Customers of the CBA could have a fee reimbursement coming their way.
Customers of the Commonwealth Bank's AgriAdvantage Plus package could have a fee reimbursement coming their way after the bank admitted it had not properly administered the product over seven years.
An estimated 8400 customers will receive the reimbursement, expected by the end of the month, after it was reported by the CBA to the Australian Securities and Investment Commission (ASIC) that the bank had failed to apply fee waivers and ongoing benefits of the package.
The AgriAdvantage Plus product enables a range of products, including business overdrafts, savings accounts and other lending facilities, to be packaged together and receive benefits, such as reduced interest rates and individual product fee waivers. First offered in 2005, the package is no longer available to new customers.
After discovering that some of the fee waivers and benefits had not been applied, the CBA notified ASIC in 2014 that it would investigate the problem and rectify the issue by refunding any fees where necessary. The review has been overseen by an independent expert to ensure the process was correct and timely, and calculations accurate.
ASIC Deputy Chairman Peter Kell said, “Identifying and reporting breaches is a key obligation for financial services licensees. Where errors occur, it is important that they be rectified promptly and appropriately. That includes restoring consumers to the position [where] they should have been had the breach not occurred”.
The CBA will notify all affected customers, with refunds due by the end of November. Customers do not need to apply for the refund, but if you think you may be entitled, you can contact the CBA on 1300 120 938.
Read more at ASIC.gov.au
Well done CBA for identifying a relatively minor problem in your account administration process and refunding to customers what they are rightfully due. It’s just a pity that the bank hasn’t acted as quickly for those caught up in its well-publicised financial planning scandal.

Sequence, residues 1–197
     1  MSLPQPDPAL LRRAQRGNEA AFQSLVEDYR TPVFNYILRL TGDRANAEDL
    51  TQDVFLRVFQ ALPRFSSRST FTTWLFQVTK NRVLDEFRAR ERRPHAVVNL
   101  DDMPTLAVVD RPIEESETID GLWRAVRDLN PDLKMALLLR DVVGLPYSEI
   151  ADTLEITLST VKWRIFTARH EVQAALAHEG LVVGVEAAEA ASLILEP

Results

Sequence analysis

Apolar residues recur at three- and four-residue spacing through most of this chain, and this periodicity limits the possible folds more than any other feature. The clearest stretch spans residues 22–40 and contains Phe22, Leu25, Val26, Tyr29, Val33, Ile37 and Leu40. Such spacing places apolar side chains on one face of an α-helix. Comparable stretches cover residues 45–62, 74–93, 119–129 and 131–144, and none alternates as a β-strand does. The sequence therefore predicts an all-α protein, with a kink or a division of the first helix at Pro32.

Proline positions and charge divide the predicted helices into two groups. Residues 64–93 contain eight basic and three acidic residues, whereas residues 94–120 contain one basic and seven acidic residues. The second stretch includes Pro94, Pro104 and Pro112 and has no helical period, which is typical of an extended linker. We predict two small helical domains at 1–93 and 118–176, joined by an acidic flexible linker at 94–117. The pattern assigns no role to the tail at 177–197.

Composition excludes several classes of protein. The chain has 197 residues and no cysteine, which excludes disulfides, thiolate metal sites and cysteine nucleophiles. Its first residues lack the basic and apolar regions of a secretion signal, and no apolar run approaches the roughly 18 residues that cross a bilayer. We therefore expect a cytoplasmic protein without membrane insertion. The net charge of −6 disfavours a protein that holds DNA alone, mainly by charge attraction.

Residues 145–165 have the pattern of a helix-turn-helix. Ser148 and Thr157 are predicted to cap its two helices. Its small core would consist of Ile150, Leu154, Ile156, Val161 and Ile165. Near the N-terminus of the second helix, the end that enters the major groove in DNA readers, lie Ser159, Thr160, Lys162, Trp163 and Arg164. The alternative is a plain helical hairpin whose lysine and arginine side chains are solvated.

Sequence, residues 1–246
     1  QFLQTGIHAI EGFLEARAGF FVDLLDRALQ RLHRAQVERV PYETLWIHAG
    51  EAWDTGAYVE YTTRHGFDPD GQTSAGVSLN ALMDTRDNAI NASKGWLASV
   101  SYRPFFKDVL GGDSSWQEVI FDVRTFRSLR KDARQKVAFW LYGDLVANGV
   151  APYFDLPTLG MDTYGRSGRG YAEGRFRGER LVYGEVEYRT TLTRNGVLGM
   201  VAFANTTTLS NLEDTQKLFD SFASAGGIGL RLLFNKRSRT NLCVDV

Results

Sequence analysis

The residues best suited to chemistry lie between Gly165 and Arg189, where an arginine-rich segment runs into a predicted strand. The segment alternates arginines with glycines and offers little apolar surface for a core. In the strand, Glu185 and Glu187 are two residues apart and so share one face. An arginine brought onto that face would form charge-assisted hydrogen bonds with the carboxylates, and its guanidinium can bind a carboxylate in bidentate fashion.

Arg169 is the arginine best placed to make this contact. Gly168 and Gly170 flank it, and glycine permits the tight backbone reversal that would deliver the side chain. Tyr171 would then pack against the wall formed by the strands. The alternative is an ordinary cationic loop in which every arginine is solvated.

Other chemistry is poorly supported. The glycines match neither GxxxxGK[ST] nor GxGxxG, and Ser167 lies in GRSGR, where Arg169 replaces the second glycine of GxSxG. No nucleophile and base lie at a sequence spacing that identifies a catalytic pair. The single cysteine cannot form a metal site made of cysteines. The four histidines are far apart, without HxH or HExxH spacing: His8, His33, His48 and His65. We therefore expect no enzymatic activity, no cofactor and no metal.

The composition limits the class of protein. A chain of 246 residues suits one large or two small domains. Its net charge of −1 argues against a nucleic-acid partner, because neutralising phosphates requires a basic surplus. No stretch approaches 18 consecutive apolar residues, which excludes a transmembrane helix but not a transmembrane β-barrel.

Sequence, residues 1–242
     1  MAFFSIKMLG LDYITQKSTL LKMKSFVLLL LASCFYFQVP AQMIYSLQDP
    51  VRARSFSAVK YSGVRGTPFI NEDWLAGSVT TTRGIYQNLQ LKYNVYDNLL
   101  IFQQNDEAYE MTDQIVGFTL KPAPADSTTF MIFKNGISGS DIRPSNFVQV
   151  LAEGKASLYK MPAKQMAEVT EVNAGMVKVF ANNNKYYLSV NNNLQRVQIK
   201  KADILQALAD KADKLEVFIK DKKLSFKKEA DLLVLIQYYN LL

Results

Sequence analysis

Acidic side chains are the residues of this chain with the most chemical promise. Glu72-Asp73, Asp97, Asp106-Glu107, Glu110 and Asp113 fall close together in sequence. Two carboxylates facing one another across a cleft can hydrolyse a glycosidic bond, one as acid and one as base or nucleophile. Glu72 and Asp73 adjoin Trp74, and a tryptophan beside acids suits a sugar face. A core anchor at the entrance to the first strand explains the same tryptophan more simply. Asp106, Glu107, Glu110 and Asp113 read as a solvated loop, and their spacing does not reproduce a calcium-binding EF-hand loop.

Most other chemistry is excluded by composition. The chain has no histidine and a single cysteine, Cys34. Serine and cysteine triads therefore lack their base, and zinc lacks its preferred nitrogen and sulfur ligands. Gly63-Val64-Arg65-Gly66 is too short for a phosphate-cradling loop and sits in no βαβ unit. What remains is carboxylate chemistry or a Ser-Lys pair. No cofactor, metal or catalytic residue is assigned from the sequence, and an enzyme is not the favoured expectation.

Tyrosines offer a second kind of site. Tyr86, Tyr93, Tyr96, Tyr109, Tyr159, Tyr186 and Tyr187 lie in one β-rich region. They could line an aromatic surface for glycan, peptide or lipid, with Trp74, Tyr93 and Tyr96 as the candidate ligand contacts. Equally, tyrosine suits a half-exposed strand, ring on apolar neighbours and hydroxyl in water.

Anyone who received financial planning advice from CBA financial planners can ask for their files to be reviewed, a process which is moving at an incredibly slow pace. It has been reported that only 19 of the 8835 customers who have requested a review have been compensated. And with the scheme available to 400,000 past and present clients, it could take a lot longer to resolve. Whether customers are compensated or not is at the discretion of the bank itself, although there is an independent review panel should customers not agree with the decision.
Several of the banks’ older customers have claimed that the CBA is simply dragging its feet in the hope that the clients won’t be around for too much longer. Merilyn Swan appeared at the Senate hearing into financial misconduct, on behalf of her elderly parents, in April this year and asked, "How long does my now 90-year-old father have to wait to see justice done?" And he’s not the only one.
The $7.6 million to be refunded to AgriAdvantage Plus customers is a drop in the ocean compared to what is due to those affected by the bank’s financial planning scandal. But when a bank posts a record $8.7 billion profit, there really isn’t any reason for it to drag its feet in compensating all who are entitled.
Should the CBA be forced to deal with compensation claims in a specified timeframe? Have you been caught up in either of these compensation schemes?